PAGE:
Back in the eighties, when I started in the ad biz in New York, it was par for the course to take clients out for drinks, to dinner, the theater and other events. For many, such outings happened weekly or even more often. It wasn’t as excessive as in Madmen — those were really the good old days! — but there was quite a bit of it. It was part of the job.
I hated it. Once I got to the bar or restaurant, or whatever the venue was, I managed to get into the swing of things. But I always had to push myself, and deep down I resented it. Those after hours professional commitments were an unwelcome inroad into my time away from the job. And Lord knows, if you worked in advertising, personal time was a scarce commodity, even back then. But that was one way we cultivated closer relationships with clients.
Flash forward to 2009. Now there’s a new way to nourish that personal connection. It’s called Facebook. And I like it a lot more.
There’s much discussion about the social web breaking down the boundaries between our personal and professional lives. And for me this is true, not only in relationship to co-workers, but to clients too. I have several clients as Facebook friends. In the beginning, I wondered whether this was a good idea, or if it would come back to bite me. But so far it works. And I think one of the reasons it works is that there are some unspoken guidelines that we all seem to follow. For one, we never talk about business. That, of course, would be foolish, because everything on the social web is public. But there’s more to it than that. Facebook is about sharing the private and personal, and for most people it’s a social, leisure-time activity. So business talk just isn’t appropriate.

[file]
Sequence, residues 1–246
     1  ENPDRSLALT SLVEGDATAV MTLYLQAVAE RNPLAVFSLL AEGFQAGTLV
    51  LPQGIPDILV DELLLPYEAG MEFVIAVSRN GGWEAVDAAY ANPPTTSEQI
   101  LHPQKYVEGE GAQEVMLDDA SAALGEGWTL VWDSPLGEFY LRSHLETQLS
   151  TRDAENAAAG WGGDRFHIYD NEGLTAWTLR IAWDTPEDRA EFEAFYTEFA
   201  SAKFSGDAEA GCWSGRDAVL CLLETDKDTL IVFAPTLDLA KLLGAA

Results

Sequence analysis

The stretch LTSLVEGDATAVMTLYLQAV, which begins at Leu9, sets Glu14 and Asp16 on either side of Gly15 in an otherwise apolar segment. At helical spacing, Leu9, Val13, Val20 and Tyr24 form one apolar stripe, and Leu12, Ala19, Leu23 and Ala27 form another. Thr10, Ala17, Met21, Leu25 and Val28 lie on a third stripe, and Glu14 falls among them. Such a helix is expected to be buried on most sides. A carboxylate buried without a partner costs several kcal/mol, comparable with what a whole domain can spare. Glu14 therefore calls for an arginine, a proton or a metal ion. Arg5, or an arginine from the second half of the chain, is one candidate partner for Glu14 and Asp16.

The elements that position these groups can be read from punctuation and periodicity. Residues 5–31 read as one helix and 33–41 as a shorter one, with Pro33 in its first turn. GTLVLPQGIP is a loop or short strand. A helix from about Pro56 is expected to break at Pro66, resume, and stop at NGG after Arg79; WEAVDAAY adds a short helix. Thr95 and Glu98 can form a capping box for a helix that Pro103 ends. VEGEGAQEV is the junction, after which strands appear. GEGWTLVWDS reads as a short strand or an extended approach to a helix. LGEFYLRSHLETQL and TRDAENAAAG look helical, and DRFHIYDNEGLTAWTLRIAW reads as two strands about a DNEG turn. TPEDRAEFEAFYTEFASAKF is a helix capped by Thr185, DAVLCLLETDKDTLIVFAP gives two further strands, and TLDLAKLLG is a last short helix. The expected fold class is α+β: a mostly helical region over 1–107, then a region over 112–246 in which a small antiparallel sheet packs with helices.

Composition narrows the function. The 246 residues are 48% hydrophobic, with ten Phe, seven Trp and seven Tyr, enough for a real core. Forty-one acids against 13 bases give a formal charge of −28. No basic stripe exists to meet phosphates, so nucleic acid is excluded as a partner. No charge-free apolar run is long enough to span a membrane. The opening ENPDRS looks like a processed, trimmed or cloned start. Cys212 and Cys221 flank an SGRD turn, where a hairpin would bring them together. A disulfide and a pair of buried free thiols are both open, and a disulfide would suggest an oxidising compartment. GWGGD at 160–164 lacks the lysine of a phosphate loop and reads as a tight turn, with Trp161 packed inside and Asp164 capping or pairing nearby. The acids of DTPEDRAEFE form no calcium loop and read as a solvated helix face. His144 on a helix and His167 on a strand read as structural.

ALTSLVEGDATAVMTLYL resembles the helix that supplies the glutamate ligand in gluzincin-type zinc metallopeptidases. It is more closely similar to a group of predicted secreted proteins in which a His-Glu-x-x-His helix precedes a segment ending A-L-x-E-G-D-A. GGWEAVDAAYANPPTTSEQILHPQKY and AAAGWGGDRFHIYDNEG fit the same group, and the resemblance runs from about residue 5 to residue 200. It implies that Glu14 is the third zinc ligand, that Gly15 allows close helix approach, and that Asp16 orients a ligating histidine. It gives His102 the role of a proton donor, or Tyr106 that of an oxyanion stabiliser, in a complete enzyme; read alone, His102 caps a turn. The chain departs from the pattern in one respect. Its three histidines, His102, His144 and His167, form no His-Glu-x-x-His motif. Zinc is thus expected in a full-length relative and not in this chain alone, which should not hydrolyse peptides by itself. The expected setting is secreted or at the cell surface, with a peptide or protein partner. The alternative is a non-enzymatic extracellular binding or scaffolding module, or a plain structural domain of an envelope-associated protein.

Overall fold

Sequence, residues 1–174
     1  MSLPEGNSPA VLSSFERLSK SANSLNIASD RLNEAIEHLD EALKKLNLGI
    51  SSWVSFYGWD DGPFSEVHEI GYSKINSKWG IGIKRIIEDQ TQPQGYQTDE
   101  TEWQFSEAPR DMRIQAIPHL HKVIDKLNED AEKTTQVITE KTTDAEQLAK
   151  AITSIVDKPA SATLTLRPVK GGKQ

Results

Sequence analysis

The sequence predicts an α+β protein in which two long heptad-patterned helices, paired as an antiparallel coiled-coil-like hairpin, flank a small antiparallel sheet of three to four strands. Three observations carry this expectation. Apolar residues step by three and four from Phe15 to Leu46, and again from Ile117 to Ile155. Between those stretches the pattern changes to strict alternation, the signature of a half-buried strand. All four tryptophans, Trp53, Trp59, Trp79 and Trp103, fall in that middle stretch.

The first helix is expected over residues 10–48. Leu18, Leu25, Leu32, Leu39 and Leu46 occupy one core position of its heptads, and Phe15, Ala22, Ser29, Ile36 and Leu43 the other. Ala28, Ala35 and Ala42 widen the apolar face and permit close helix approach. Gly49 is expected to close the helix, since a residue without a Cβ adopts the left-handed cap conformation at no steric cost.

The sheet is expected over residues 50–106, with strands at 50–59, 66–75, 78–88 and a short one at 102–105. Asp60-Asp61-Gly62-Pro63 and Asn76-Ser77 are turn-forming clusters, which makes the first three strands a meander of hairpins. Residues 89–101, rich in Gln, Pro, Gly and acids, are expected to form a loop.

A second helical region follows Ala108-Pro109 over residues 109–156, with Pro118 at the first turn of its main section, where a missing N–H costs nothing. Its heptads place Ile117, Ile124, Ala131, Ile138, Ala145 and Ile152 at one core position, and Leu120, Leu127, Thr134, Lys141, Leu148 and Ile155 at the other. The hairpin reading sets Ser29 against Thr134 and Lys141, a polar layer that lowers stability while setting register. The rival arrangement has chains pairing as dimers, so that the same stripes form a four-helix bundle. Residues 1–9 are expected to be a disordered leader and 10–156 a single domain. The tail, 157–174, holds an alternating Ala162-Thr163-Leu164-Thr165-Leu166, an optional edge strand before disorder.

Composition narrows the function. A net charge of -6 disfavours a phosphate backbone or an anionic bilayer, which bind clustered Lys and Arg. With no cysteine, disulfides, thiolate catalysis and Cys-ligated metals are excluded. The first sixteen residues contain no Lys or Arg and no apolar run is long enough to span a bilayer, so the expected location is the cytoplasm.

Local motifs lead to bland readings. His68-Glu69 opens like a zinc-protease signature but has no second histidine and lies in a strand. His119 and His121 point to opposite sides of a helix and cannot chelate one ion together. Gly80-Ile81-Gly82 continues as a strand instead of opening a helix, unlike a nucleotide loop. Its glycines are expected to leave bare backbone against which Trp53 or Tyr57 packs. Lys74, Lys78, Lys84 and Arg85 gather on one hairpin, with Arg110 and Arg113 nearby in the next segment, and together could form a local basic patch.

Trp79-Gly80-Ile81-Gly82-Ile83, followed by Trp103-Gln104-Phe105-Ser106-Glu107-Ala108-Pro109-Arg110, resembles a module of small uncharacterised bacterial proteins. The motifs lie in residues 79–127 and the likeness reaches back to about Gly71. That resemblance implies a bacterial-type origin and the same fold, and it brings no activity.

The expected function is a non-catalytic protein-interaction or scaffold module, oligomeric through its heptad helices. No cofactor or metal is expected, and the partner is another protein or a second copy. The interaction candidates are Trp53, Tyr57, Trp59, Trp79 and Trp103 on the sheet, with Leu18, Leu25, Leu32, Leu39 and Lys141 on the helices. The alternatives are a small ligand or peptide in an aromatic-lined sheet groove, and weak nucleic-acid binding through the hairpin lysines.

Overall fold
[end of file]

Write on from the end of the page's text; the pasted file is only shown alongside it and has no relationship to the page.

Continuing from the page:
And it’s also that private dimension that I think makes Facebook a more genuine way of building bonds with Clients. In Facebook you and your clients reveal aspects of your lives that you’d never really get to see at one of those after-hour alcoholic meet-ups of yesteryear. My clients have seen me on video dancing with my parrot. And I’ve seen them playing with their kids. It’s those ongoing glimpses into the small, private, intimate moments of life that make possible personal connections with clients that one never would have imagined, with the occasional exception of course, 20 years ago.
One could argue this isn’t a good thing. That it’s an inappropriate kind of interaction with our clients. I don’t agree. The personal has always been a fundamental component of business. Facebook and other social media just enable it to happen more naturally, spontaneously and, I think, genuinely. And in a way that fits comfortably into a new kind of post-Lehman Brothers value set in which expensive client dinners and excessive nights on the town no longer feel quite like the right way to behave.